Do you have a motorcycle license? There seem to be a lot of riders who have never gone to the trouble of getting one. It's not surprising in one sense, many will do whatever they can get away with and if they can buy a bike and ride without a license, that's what they do. In the U.S., motorcycle licensing doesn't seem to be as strictly enforced as elsewhere, once you have a driver's license you're good to go even though the necessary knowledge of how to operate a motorcycle is no part of learning to drive a car. If you get stopped for a traffic violation you will probably get charged for not having the motorcycle classification but that's the only time it will be a problem. This may vary from state to state but getting that certification really shouldn't be optional.
In other countries, not only is there a strict licensing requirement to begin with, the license works under a tiered system where new riders can only ride lower displacement bikes until they have had a certain amount of experience. I have to admit, that isn't a bad idea. Here, once you get a license, you have nothing to stop you from laying out the cash and riding off on a brand new Hayabusa, even if it's your very first bike.
Another side to this argument, though, is that riding time doesn't equal skill. Some young riders with high interest and lots of practice can quickly master the most powerful bikes, the limit in these cases is the maturity and individual responsibility to keep it under control on the street. Some riders with years under their belts should never progress beyond a 250cc beginner bike because they have no self control or just never quite get the hang of it.
Are motorcycles any different in this sense than cars? A new driver with sufficient cash can buy a Viper or Vette, too. The same laws of physics apply and a heavy right foot without sufficient maturity can launch that car into a tree quite easily and injure and kill a lot of other people along the way. Motorcycles can certainly be dangerous to the inexperienced rider but cars can be dangerous to a lot of others as well.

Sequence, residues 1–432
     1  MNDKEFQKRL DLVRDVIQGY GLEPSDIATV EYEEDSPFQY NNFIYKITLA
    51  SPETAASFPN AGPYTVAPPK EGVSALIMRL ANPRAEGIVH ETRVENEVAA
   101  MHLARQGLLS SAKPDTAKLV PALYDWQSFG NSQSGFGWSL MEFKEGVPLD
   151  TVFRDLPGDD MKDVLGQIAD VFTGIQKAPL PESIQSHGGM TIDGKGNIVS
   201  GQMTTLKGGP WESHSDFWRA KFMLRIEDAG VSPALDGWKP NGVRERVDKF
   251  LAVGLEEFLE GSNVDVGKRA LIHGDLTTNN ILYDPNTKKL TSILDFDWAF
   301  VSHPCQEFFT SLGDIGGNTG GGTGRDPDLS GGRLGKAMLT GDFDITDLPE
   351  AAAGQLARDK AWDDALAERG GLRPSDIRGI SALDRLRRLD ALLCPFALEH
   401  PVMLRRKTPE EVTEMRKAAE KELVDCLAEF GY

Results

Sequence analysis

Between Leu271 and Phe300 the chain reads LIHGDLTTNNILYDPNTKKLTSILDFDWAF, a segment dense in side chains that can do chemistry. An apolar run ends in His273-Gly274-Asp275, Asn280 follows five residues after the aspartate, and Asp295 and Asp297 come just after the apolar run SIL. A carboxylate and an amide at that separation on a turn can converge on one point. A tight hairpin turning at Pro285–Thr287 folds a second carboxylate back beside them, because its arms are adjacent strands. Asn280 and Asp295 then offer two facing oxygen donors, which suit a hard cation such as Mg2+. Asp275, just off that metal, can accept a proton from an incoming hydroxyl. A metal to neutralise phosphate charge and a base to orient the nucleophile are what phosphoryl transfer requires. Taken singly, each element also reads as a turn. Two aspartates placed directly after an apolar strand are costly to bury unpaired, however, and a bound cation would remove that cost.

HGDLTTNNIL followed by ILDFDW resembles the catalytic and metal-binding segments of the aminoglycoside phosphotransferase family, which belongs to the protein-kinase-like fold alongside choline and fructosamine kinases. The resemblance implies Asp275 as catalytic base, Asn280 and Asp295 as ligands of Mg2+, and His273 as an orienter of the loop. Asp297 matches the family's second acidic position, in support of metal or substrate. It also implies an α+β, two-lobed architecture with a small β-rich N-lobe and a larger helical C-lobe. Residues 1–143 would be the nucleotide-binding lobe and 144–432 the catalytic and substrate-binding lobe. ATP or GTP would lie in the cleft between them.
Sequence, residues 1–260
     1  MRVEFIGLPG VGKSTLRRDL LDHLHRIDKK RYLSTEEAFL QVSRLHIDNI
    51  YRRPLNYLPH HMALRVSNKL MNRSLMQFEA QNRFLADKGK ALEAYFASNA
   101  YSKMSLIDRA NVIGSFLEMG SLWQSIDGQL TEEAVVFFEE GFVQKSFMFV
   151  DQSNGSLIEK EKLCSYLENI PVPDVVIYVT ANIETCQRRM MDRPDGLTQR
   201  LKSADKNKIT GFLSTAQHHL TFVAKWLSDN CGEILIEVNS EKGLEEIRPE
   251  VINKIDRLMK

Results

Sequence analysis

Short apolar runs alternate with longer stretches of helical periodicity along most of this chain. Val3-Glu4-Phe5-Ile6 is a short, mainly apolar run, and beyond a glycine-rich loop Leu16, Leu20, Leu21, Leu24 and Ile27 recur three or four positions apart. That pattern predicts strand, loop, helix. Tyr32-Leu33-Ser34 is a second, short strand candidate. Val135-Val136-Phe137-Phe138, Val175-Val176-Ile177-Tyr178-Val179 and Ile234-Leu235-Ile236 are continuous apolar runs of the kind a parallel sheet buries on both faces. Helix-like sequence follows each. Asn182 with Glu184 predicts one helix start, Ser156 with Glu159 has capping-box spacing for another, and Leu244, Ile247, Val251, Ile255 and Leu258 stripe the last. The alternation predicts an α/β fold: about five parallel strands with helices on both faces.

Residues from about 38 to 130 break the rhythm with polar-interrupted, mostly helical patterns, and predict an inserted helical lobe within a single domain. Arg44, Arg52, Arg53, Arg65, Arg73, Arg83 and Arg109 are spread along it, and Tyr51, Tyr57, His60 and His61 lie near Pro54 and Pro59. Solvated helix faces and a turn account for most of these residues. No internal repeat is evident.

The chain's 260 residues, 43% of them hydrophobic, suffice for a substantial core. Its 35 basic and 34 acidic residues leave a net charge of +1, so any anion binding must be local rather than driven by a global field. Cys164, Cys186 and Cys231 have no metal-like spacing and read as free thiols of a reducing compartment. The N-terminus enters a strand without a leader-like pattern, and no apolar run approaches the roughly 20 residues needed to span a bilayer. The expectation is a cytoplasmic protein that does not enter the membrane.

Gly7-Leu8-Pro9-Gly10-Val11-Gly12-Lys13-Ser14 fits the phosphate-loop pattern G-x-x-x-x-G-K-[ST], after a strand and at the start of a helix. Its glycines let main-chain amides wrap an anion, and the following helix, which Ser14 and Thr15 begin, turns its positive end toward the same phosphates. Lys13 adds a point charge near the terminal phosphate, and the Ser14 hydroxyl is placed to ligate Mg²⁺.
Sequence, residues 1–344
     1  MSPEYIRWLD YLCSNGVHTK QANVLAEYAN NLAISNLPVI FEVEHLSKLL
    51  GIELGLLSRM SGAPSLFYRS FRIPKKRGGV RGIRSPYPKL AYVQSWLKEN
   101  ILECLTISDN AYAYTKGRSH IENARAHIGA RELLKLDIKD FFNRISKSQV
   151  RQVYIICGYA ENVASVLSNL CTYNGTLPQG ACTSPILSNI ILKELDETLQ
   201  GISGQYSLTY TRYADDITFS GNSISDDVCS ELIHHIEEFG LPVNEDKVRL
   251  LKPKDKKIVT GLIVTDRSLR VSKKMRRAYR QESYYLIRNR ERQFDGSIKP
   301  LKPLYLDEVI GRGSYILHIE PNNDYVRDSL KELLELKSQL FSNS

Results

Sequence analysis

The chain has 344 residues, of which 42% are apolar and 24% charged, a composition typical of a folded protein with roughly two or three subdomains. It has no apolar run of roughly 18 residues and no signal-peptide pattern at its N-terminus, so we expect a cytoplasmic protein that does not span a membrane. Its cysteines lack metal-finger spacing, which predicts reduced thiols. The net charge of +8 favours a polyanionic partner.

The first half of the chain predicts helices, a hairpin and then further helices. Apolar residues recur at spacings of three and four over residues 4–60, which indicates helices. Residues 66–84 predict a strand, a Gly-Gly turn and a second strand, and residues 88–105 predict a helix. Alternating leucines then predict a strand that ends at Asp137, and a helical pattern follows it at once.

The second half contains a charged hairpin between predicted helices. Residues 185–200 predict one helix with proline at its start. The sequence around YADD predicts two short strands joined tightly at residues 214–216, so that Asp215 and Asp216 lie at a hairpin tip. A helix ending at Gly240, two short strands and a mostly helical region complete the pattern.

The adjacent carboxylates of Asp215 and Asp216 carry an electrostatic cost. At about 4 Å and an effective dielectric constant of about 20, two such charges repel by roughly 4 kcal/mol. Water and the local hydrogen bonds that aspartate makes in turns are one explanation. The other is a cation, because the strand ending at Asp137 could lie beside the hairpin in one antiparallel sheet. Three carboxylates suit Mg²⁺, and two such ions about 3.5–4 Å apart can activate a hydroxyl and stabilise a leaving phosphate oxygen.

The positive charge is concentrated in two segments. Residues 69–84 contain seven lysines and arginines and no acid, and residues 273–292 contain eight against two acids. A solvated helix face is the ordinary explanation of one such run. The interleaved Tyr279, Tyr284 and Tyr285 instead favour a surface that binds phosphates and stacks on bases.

Tighter licensing requirements, tiered licensing and all sorts of extra controls on riders and drivers is a subject that periodically comes up for debate. Periodic re-examination might be a good idea for drivers of all tyes of vehicles but I'm not sure we need to get too strict to begin. There are many arguments in favor of tightening up but I think good enforcement of traffic laws on the roads can get the really troublesome riders and drivers off the street. After all, some people up front may look like a bad risk and yet turn out to be excellent riders while the perfect candidate for a bike may end up in multiple accidents or get repeated violations. Licenses and certifications can't see into the future.
Here at The Kneeslider, we strongly endorse the Motorcycle Safety Foundation and their rider training courses held throughout the country. Usually, successful completion of the course will result in a motorcycle certification for your license. In the very least, we need to do that. But do we need a lot more? That's open to debate. Thoughts?